Opinion: Did desperate planning bid cause crisis?
The planning department seems to be in the firing line once again, this time for the perceived failure to make a decision within a given time limit for the proposed large housing estate north of Scalloway, or south of Asta. According to the interviews in the media the planning discussion has been ongoing for nearly four years. Now that tells me how difficult it is to get round the regulations to keep everyone happy. The problem is there are still so many obstacles that run counter to the Local Plan and hence the recommendation for refusal.
Presumably the developer of the housing estate and business-park knew so prior to submitting its final plan for approval. This begs the question, was it desperation to submit the plan in the hope of forcing the planning department into a decision, and so precipitating the crisis that has unfolded? This puts an unjustifiable pressure on our elected officials and has forced it to go to the Full Council. Adding emotional blackmail about job losses into the equation means a dispassionate decision may not be made based on the well rounded planning officials’ report. The planning sub-committee must be commended for the considered opinion to delay a decision for two rounds to get more information about one of the sticking points; that of the change of use from active crofts into a housing estate and business park. It was said that this would give the developer some time to come up with a better housing plan as it was nowhere near as good as the Hjaltland scheme proposed for the croft land at Herrislea, which was rejected on agricultural grounds (pardon the pun) and is now subject to appeal.
The developer was adamant that the smaller first phase for full planning permission (for 21 houses) could not be seen in isolation, and that without the outline permission for the larger scheme including the private houses and the business-park being granted, the 21 houses would not be financially viable on its own merit.
The developer stated that it could be on site within a very short period of time. Would that really be the case? Has the funding for the 21 houses been put in place and if so why would there be no profit? If funding is still required how long in these straitened times would it take for Hjaltland to procure the finance? In view of the opposition to the loss of valuable agricultural land how long would the process of decrofting the active crofts take? This process may not be straightforward, even if the seller of some of the land is a crofting commissioner and knows the ropes; it may take months as due process has to be followed and if the land court is involved it may take even longer.
The chairman of the planning sub-committee pointed out some important issues. The huge increase in traffic of 800 to 1,000 car journeys was not addressed by the road structure in the plan. I fear that this would mean the Scalloway to Veensgarth road will become a rat run for traffic going north and west and ruin one of the most beautiful loch side areas in Shetland. The chairman also observed that the business park was speculative and as such may fail.
In three years the developers should have come up with some concrete evidence or feasibility study to show that there was gen-uine interest by businesses to use the business park but failed to do so by way of a supporting statement.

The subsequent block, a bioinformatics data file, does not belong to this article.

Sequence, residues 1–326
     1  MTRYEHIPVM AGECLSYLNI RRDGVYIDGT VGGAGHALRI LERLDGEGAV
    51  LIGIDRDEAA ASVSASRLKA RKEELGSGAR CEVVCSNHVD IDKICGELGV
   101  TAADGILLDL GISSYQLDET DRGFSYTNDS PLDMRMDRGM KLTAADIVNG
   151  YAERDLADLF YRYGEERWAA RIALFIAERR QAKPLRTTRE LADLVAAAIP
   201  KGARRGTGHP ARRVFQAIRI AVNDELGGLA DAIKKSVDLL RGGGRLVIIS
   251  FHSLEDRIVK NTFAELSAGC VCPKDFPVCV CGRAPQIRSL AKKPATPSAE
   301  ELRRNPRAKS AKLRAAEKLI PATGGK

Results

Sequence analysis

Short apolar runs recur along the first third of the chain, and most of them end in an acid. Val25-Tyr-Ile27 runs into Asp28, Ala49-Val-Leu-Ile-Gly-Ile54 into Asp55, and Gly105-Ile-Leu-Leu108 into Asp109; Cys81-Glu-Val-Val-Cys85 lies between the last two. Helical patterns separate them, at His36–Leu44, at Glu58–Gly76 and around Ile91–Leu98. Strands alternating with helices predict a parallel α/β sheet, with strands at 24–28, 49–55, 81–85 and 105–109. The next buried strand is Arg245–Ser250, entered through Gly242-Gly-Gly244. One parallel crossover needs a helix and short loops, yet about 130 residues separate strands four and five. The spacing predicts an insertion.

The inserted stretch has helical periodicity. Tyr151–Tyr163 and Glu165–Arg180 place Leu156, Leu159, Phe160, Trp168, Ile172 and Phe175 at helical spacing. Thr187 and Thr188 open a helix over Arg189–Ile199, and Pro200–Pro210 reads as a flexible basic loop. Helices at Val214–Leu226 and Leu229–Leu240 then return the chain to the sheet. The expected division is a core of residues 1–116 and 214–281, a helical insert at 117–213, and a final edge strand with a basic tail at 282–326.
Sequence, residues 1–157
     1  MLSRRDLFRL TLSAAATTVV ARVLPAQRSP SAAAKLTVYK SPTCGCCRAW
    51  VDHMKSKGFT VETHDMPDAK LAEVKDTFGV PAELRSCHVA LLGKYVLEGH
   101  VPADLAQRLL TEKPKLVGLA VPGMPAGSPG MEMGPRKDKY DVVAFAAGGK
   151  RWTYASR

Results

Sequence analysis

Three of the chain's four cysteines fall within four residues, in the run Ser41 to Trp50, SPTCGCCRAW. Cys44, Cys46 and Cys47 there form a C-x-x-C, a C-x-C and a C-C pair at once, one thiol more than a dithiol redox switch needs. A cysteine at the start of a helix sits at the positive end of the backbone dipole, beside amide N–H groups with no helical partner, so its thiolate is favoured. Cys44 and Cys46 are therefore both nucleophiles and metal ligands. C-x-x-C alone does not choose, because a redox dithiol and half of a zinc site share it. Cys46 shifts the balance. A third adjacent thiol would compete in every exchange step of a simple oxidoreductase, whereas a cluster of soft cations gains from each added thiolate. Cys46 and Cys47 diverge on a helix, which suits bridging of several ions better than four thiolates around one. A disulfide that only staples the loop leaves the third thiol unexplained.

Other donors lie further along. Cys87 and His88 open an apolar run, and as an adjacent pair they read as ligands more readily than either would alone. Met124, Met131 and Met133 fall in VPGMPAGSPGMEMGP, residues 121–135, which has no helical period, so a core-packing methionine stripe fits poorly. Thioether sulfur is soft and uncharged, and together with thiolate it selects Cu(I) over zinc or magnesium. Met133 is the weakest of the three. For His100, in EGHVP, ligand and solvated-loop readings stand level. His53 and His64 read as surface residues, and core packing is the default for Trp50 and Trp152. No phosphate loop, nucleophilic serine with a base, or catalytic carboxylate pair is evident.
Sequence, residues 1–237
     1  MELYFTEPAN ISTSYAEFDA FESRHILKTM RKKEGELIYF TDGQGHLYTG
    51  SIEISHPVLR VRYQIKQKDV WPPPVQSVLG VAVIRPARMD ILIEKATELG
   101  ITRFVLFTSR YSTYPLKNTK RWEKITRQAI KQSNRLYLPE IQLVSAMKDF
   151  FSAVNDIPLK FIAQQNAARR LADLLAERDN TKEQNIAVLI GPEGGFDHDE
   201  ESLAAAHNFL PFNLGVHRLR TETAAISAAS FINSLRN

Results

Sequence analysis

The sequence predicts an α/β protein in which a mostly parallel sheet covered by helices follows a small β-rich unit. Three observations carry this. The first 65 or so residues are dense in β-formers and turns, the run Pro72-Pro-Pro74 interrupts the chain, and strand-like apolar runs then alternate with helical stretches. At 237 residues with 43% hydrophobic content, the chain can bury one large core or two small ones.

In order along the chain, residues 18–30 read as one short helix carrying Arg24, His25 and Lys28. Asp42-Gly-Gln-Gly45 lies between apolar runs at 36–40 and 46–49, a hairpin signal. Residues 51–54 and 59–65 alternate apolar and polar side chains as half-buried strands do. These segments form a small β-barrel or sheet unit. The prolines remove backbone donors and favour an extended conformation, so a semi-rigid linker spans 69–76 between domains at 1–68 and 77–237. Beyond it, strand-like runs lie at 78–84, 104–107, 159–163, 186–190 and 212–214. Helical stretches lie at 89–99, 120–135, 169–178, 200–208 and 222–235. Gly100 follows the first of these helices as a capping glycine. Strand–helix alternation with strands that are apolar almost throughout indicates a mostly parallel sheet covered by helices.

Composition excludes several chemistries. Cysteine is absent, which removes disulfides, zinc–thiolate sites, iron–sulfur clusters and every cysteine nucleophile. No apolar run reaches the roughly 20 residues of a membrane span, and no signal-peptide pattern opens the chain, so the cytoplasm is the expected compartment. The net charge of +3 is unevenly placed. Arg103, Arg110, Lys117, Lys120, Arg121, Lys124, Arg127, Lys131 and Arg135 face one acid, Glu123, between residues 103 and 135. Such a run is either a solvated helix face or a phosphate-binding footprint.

Going back to the change in use from crofts to a housing estate, I’m sure that I’m not the only one to liken the people with power in the crofting and farming community who are selling off good crofts, to wily coyotes in charge of the chicken house, picking off the fattest and best, one and two at a time. I don’t know when the sale of the Utnabrake croft land took place or how the purchase was funded, but if it is the case that immediately after the sale, the land is offered to developers for housing it smacks of carpet bagging and although legally acceptable it is wrong. Wrong because at a time when the Scottish government is increasing pressure on farmers to release farm land to form new crofts, funding more agricultural college places and actively encouraging young people into crofting, here in Shetland we are busy breaking up or asset stripping valuable crofts or taking whole crofts out of existence. If the owners are unable to make a go of crofting then there should be some way of leasing the land for new tenants.
Arable and good grazing are finite resources and need to be protected and used, they are assets of a sustainable industry. The importance of local food production is in sharp focus and because of the weak pound, which results in the increasing cost of food imports, makes our home markets vital to feed the nation and every bit helps including our crofts. We need better support for our crofting industry. We need to stop treating good, hard grafting farmers and crofters as insignificant second class citizens. We need to get our act together to maintain our food producing capabilities. We need a formal protection for our peripheral area and subsistence crofts.
These are sustainable aspirations that the Local Plan is in place to uphold. Maintenance of scenery, flora and a fauna habitat protection, not just for its own sake but also for our tourism industry is the added bonus.
Gary Robinson hit the nail on the head when he stated that he supports smaller scale housing de-velopments in the remote rural areas. I think this makes best use of funding available and is much better than huge grandiose schemes concentrated in central areas that destroys our best agricultural land (even if they have business parks and health centres tagged on as some kind of damage mitigating afterthought).
Previously designated areas must be used for housing in a sustainable way. I hope a good honest decision is made on behalf of Shetland as a whole and that our council is not swayed by threats or legal challenge.